Early on Friday afternoon, I found myself talking with my good buddy and owner of 3 Headlines Barber Shops in the Tampa area, Christian Perez. Like me, Christian is a lifelong fan of the Buccaneers. The conversation consisted of who might the Bucs target to pair with 1st round pick Vernon Hargreaves, and ended with me being convinced and convincing Christian that kicker Roberto Aguayo would be a prime Bucs' target that night.
Later Friday afternoon, I made an appearance on Drew Garabo Live heard on 102.5 The Bone in Tampa. On Drew's show, I not only said that Noah Spence would be the Bucs primary target in the 2nd round, but to also not be surprised if the Buccaneers selected a kicker as well.
As the Bucs made their trade back into the late 2nd round on Friday night, I was on the phone with my dad. He was throwing out names like Jonathan Bullard or Vonn Bell, but I said it would be the kicker, Roberto Aguayo.
Now that the draft has concluded, the question from many is whether I like the Bucs draft, and if I agree with "the pick?"
I tend to have pretty strong opinions on a lot of various topics, but I find myself struggling with this question. On one hand, I believe the media has conditioned our brains to think kickers don't matter and that the selection of a kicker in anything higher than the 5th round is a wasted pick. Of course, that's the narrow-minded archaic thought process out-dated by teams years ago.
In a league now driven by scoring and playing with kicker rules now more than ever, why wouldn't a team place a high priority on a kicker they feel can change, and win, games?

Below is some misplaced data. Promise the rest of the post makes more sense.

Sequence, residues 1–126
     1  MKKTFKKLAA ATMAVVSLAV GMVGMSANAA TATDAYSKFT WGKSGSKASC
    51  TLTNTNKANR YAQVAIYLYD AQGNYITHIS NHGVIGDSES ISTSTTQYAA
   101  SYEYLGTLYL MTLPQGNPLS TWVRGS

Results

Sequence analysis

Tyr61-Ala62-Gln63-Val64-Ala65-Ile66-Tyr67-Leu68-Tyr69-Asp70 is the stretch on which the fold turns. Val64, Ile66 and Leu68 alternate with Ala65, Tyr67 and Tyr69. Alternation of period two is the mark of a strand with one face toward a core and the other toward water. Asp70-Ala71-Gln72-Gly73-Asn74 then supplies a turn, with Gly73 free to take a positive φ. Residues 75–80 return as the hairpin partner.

If the Bucs and Jason Licht feel that Roberto Aguayo is one of the best kickers to ever enter the NFL from college, why risk missing out on such a talent? They did what they had to do by trading the extra 4th round selection they received from the Bears to move up 15 slots and ensure one of their top targets. As a matter of fact, I firmly believe that the only reason Jason Licht traded down in the first round and risked not getting Hargreaves was because he knew he'd end up using that extra 4th round pick to get in position to ensure Roberto Aguayo was kicking for his team.
Star kickers can change the game in a number of ways.
1. Field goal percentage and making field goals is obviously the most important advantage. Whether it's Roberto Aguayo, Connor Barth. Kyle Brindza, or any other kicker, you have to make field goals no matter when they occur in a game. Missed field goals in the 2nd or 3rd quarter can hurt just as bad as missed field goals in the 4th quarter. If Brindza knew how to make field goals in the 2nd and 3rd quarters of games, we may still be talking about him instead of Aguayo. I think the day Brindza was released, Licht set his eyes on the Lou Groza award winner still kicking at Florida State.
2. The clutch factor is also an important factor a top kicker can bring to a team. Yes, those 2nd and 3rd quarter field goals are vital, but nailing game-tying and game-winning field goals in the 4th quarter are the things great teams with great kickers do, and the poor teams fail at. We all know that Jason Licht has been around clutch kickers like Adam Vinatieri and Stephen Gostkowski in New England, and David Akers in Philadelphia. Those teams were playoff caliber teams year after year, and they had the clutch kickers to be the difference between close losses and close wins.